search.noResults

search.searching

dataCollection.invalidEmail
note.createNoteMessage

search.noResults

search.searching

orderForm.title

orderForm.productCode
orderForm.description
orderForm.quantity
orderForm.itemPrice
orderForm.price
orderForm.totalPrice
orderForm.deliveryDetails.billingAddress
orderForm.deliveryDetails.deliveryAddress
orderForm.noItems
LabAutomation


Although the requirement to protect operators is


not currently fully implemented in various labora- tories using open class II hoods, it is gradually becoming more enforced and should be taken into consideration when automating the process.


Going beyond standards Of course, to ensure a system has a reliable class II classification, it should be tested to comply with standards – in this case BS EN12469-2000 and ANSI/NSF49. These standards dictate the perfor- mance and testing criteria with which the systems should comply. Enclosures should produce a lami- nar airflow across the deck of the workcell. However, it is important to note that while an empty workcell may achieve this, the addition of robots and instrumentation will disrupt this signif- icantly.While compliance with BS EN 12469-2000 is enough on paper, automation system providers should also understand this and test systems accordingly. It is also wise to look for systems cer- tified by a nationally-recognised test laboratory such as ETLus in the US. Systems are tested to BS EN 12469-2000 by


measuring various air velocities, particle counting and tracer visualisation to meet the class II require- ments. However, careful consideration of the loca- tion of equipment inside the system is also impor- tant (Figure 2). This is because, as mentioned, instrumentation such as stacked equipment can result in poor airflows and disrupt the laminar air- flow potentially causing stagnant pockets of air –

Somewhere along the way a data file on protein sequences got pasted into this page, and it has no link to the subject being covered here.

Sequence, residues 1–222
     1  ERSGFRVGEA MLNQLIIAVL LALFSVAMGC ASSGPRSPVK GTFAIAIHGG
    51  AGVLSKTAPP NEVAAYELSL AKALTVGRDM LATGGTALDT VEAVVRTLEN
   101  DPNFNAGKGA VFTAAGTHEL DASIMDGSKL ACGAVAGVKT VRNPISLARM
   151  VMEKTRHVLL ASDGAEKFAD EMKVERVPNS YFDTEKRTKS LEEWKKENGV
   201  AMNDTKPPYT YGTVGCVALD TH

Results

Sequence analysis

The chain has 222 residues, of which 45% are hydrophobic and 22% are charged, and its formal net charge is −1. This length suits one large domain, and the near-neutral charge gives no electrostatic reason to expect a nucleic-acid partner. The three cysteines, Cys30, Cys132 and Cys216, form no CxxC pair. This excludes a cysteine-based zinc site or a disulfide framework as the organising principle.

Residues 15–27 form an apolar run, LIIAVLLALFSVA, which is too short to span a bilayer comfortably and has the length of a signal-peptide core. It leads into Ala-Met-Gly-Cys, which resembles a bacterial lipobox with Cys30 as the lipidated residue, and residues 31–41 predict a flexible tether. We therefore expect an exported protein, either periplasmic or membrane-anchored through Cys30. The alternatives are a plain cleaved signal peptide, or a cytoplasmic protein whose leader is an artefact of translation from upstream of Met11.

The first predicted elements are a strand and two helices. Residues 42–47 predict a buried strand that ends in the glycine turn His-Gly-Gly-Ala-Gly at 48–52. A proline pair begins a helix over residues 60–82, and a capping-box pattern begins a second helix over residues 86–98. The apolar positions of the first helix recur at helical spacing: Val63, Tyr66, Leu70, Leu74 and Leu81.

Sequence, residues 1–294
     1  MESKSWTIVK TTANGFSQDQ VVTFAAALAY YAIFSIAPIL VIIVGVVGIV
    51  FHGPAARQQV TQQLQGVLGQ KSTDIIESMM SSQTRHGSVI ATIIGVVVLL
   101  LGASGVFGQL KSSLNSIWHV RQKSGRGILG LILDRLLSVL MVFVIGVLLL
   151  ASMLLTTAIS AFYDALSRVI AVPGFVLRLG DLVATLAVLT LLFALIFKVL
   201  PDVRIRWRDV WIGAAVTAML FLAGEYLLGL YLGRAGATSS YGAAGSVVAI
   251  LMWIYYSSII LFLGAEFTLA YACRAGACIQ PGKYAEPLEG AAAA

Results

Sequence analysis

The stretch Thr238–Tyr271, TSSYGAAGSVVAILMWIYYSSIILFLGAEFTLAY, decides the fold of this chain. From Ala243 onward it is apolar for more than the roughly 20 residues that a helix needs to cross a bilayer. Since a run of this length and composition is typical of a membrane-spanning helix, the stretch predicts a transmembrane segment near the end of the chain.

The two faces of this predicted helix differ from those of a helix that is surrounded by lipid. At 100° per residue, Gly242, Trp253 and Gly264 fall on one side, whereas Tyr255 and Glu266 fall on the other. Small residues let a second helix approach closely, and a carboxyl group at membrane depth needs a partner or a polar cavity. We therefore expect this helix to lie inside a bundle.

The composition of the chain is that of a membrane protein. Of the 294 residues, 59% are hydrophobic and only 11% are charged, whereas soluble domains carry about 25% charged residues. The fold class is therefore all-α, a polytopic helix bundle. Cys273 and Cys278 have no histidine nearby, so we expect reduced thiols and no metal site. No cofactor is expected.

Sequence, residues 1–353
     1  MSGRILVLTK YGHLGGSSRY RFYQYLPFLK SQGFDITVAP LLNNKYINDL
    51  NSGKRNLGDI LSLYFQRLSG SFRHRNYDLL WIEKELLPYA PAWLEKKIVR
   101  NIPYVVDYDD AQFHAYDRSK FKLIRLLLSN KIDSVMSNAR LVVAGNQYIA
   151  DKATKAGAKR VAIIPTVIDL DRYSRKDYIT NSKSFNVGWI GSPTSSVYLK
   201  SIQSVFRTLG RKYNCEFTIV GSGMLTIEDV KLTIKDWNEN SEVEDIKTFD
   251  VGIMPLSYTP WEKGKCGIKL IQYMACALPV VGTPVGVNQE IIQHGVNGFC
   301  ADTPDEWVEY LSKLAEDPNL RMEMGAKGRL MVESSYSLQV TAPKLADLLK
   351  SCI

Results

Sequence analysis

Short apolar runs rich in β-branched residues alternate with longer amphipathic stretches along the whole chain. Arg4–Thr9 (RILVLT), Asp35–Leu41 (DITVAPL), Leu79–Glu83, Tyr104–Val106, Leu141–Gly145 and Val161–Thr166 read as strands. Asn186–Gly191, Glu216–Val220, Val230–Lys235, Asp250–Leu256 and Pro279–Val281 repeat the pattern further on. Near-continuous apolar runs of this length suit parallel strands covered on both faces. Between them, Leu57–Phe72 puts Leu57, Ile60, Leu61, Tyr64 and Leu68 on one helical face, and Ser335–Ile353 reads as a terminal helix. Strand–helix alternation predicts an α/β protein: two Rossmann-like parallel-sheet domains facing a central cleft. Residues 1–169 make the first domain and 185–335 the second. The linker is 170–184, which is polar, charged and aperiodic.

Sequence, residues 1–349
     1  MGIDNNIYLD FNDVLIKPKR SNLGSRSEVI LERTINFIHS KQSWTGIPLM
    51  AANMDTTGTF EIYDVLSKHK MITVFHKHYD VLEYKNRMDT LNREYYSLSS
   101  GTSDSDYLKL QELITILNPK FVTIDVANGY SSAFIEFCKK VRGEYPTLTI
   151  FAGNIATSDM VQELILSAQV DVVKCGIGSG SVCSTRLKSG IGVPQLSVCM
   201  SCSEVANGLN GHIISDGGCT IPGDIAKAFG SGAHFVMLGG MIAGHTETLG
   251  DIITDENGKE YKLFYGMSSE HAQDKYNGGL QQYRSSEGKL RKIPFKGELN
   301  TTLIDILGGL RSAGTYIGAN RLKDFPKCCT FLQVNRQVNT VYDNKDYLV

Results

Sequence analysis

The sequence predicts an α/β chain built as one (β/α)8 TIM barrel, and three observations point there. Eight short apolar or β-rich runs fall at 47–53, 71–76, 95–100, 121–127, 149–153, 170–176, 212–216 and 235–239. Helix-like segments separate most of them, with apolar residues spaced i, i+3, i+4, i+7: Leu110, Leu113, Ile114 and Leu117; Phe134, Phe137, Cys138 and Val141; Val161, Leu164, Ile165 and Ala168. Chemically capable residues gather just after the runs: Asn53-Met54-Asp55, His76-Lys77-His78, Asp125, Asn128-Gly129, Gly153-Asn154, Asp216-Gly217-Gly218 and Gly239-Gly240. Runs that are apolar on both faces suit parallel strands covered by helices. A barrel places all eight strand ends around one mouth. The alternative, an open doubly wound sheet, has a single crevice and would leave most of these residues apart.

Figure 2


Placement of equipment inside workcells is an important


consideration as it can disrupt laminar flows and cause


pockets of stagnant air, risking contamination


not ideal if these form over an unlidded sample plate. To protect against this, systems should be tested with smoke trace profiling and for cleanli- ness using particle counting around the system. Of course, contamination must be avoided at all


costs and so it follows that cleanliness must be maintained within the workcell. Therefore, equip- ment layouts must also consider maintenance of equipment and spill points, etc. When working with multiple cell lines, the ability to chemically deep clean the system is critical. UV sterility offers minimal effectiveness within large automation sys- tems due to the wavelength of UV compared to the size of the system and associated shadow effects. For this reason, some systems allow for vaporised hydrogen peroxide cleansing which is a valuable benefit.


Flexible designs that achieve security It is clearly important then to select and install an automation system that will provide both product and operator protection. However, a system also needs to be easy to work with. Inevitably, there will be the need to access instruments inside the work- cell when cells are in situ – for example to replace a seal on a plate sealer or reagents for a dispenser, or even just to add sample plates or additional lab- ware. So there has to be adequate protection in place for this. For example, it is not uncommon during cell line


development for cells to be incubated for a month to six weeks to achieve the required outcome.


42


Drug DiscoveryWorld Summer 2019


Page 1  |  Page 2  |  Page 3  |  Page 4  |  Page 5  |  Page 6  |  Page 7  |  Page 8  |  Page 9  |  Page 10  |  Page 11  |  Page 12  |  Page 13  |  Page 14  |  Page 15  |  Page 16  |  Page 17  |  Page 18  |  Page 19  |  Page 20  |  Page 21  |  Page 22  |  Page 23  |  Page 24  |  Page 25  |  Page 26  |  Page 27  |  Page 28  |  Page 29  |  Page 30  |  Page 31  |  Page 32  |  Page 33  |  Page 34  |  Page 35  |  Page 36  |  Page 37  |  Page 38  |  Page 39  |  Page 40  |  Page 41  |  Page 42  |  Page 43  |  Page 44  |  Page 45  |  Page 46  |  Page 47  |  Page 48  |  Page 49  |  Page 50  |  Page 51  |  Page 52  |  Page 53  |  Page 54  |  Page 55  |  Page 56  |  Page 57  |  Page 58  |  Page 59  |  Page 60  |  Page 61  |  Page 62  |  Page 63  |  Page 64